Cho Hee-sook never sought recognition. Instead, the Korean chef focused on building a wealth of knowledge of her country’s culinary traditions to pass her learnings on to the new generations of cooks and ensure that Korean gastronomy could be honoured and preserved. In the process, she became a key figurehead and a point of reference for Korean chefs worldwide, while contributing to the growth and development of the nation’s cuisine into a globally recognised and respected food culture.
Cho started out as a home economics teacher in the Jeolla province of Korea in 1981, before moving to the capital to work as a chef in some of Seoul’s most renowned hotels for over 15 years. Here, she discovered that Korean cuisine wasn’t held in high regard – instead, the city’s most acclaimed fine dining restaurants were too often French and Italian. This realisation set her off on a life’s mission to elevate the reputation of Korean cuisine to be recognised on a global stage.
Her culinary career took her from Seoul’s kitchens to the position of chef for the South Korean ambassador in Washington, USA, in 2005. Later, she went back to Korea to research and teach her country’s recipes and gastronomic traditions at Woosong University. All the while, Cho has blazed a singular path in Korea’s gastronomic scene, becoming a mentor and an inspiration to many aspiring cooks.
Since 2016, Chef Cho took on the role of advisor and consultant for the country’s restaurants and hotels seeking to preserve Korean identity and traditions. In the same year, she also founded Hansikgongbang, a food research studio where she dedicated herself to furthering the knowledge of Korean cuisine. It was only in 2019 – 36 years after first unsheathing her knives in the kitchen – that Cho became the chef-owner of her own restaurant in Seoul.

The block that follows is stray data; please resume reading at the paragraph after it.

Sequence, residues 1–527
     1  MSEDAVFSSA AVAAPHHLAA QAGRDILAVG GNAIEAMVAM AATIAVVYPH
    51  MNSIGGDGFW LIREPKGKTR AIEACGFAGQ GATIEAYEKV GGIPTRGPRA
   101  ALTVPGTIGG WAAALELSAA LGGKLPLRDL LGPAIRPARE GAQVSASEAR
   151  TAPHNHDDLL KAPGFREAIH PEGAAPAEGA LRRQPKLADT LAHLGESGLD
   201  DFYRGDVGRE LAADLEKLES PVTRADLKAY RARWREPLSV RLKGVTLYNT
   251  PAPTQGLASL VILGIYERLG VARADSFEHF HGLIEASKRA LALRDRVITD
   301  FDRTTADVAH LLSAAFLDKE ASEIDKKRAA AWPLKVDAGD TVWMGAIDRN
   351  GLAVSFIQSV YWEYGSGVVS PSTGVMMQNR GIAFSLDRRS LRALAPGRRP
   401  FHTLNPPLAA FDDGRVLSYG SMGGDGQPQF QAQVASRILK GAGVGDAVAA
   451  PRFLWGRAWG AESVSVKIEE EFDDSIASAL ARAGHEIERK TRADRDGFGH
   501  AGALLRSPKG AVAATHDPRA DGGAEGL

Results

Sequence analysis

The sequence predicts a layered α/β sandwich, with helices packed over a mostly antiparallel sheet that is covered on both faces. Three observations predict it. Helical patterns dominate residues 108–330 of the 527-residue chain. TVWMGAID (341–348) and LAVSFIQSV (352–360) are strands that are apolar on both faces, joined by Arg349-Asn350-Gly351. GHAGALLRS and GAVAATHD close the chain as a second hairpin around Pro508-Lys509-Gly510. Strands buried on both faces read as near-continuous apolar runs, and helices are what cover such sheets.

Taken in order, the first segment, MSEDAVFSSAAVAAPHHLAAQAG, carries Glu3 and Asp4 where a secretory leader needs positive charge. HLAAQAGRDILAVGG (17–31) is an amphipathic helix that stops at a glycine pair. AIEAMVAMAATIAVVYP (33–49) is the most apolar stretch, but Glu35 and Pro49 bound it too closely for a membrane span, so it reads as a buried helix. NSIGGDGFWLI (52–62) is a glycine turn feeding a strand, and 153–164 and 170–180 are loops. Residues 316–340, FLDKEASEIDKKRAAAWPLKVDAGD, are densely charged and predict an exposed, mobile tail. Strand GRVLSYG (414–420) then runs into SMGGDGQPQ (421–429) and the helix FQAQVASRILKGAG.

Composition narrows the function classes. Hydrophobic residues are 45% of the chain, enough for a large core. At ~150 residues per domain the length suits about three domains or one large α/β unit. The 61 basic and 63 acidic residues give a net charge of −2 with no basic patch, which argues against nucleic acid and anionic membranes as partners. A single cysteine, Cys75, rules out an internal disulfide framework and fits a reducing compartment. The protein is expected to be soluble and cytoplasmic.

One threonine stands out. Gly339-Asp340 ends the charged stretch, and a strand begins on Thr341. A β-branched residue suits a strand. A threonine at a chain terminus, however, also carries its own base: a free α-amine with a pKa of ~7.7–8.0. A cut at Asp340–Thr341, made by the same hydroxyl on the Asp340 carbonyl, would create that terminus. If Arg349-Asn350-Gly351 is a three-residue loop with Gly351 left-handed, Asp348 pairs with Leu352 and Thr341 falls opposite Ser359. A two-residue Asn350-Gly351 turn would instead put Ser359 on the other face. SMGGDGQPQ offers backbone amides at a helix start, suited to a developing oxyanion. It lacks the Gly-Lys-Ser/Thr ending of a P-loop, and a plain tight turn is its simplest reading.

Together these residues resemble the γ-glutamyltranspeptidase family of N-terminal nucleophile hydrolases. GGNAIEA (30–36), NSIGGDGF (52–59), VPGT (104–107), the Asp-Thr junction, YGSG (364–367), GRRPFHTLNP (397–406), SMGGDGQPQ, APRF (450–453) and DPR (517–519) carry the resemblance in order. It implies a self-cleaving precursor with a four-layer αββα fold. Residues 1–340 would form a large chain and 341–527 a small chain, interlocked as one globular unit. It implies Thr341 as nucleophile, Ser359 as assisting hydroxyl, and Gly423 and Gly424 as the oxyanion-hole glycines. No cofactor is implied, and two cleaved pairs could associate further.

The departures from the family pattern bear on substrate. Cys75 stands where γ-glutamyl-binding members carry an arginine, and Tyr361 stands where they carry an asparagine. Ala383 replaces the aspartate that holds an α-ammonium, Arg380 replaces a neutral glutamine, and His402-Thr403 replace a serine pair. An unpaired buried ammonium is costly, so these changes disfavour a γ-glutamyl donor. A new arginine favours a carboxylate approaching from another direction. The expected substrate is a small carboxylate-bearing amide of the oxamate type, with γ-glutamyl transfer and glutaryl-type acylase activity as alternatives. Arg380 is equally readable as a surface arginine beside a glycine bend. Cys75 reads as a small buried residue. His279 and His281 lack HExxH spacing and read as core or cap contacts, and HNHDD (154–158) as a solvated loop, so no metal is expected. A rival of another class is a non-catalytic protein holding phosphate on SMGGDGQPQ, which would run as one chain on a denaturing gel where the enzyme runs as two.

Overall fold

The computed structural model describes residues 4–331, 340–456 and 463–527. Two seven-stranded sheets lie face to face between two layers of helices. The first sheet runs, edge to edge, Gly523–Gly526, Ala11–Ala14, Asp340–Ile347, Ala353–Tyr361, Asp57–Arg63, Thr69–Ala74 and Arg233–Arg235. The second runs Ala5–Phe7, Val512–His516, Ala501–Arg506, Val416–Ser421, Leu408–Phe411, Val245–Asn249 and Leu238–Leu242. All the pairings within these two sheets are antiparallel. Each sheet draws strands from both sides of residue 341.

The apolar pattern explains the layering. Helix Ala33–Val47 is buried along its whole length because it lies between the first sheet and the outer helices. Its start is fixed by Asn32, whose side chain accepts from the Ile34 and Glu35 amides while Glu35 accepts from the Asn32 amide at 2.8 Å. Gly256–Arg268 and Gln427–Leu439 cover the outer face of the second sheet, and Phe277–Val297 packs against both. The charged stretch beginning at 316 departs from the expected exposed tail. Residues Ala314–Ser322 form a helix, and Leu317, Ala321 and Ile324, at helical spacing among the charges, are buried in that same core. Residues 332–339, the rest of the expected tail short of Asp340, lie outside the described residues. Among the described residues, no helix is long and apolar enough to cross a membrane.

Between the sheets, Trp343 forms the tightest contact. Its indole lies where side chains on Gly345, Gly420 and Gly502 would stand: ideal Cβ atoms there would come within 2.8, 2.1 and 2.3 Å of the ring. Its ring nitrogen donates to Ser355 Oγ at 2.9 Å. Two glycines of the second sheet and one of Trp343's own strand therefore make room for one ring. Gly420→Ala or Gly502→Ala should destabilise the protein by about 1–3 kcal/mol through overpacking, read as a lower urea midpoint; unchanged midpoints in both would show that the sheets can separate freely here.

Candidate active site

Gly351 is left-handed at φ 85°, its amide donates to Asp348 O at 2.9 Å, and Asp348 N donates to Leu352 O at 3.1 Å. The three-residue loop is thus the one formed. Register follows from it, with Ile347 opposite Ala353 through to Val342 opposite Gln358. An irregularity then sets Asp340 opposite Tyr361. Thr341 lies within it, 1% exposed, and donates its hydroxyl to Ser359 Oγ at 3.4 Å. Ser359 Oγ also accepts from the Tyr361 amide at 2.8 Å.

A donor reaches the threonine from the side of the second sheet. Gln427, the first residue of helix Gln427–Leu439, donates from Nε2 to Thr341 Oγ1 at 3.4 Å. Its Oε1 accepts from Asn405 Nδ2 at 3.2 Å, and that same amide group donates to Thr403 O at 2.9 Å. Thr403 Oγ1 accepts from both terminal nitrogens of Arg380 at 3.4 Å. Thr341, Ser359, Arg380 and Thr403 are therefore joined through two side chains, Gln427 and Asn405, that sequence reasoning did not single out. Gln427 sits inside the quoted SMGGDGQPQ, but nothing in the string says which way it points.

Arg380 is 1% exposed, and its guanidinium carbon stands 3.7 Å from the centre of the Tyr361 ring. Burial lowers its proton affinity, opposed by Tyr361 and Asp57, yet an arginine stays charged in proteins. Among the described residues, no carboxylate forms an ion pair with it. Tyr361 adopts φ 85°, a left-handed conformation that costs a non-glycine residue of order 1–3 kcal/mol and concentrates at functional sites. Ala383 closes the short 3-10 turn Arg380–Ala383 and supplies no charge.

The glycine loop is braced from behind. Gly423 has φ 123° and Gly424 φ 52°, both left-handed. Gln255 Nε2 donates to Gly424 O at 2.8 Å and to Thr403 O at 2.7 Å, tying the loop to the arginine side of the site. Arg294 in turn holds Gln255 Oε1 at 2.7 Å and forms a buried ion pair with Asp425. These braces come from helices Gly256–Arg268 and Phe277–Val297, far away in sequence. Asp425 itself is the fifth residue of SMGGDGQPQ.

At Hansikgonggan – an intimate, light-filled restaurant overseeing the ancient Changdeok Palace – the chef is now proposing her personal, refined interpretation of Korean cuisine, where she fuses the country’s centuries-old recipes with a modern outlook. Cho’s Bugak, a traditional Korean preparation, consists of vegetables, leaves and seaweed coated in a rice powder batter and lightly fried. For her signature dish Jeonbok Jat-Juk, the chef elevates the popular recipe of pine nut porridge by enriching it with abalone, scallop, shrimp and shiitake mushroom.
Cho’s influence on Korean cuisine has been felt worldwide, as the young cooks she mentored are now spreading her country’s cuisine beyond national borders and modernising it, each in their own style. Meanwhile, the chef’s main purpose still remains the same: to share authentic Korean food with the world.
And the world is taking notice. After becoming the godmother of Korean cuisine over the course of her career, Chef Cho is the deserving winner of the Asia’s Best Female Chef title – an honour she will no doubt use to keep spreading the gospel of true Korean cuisine all over the world.
Watch the video with Cho and read the interview with the chef:
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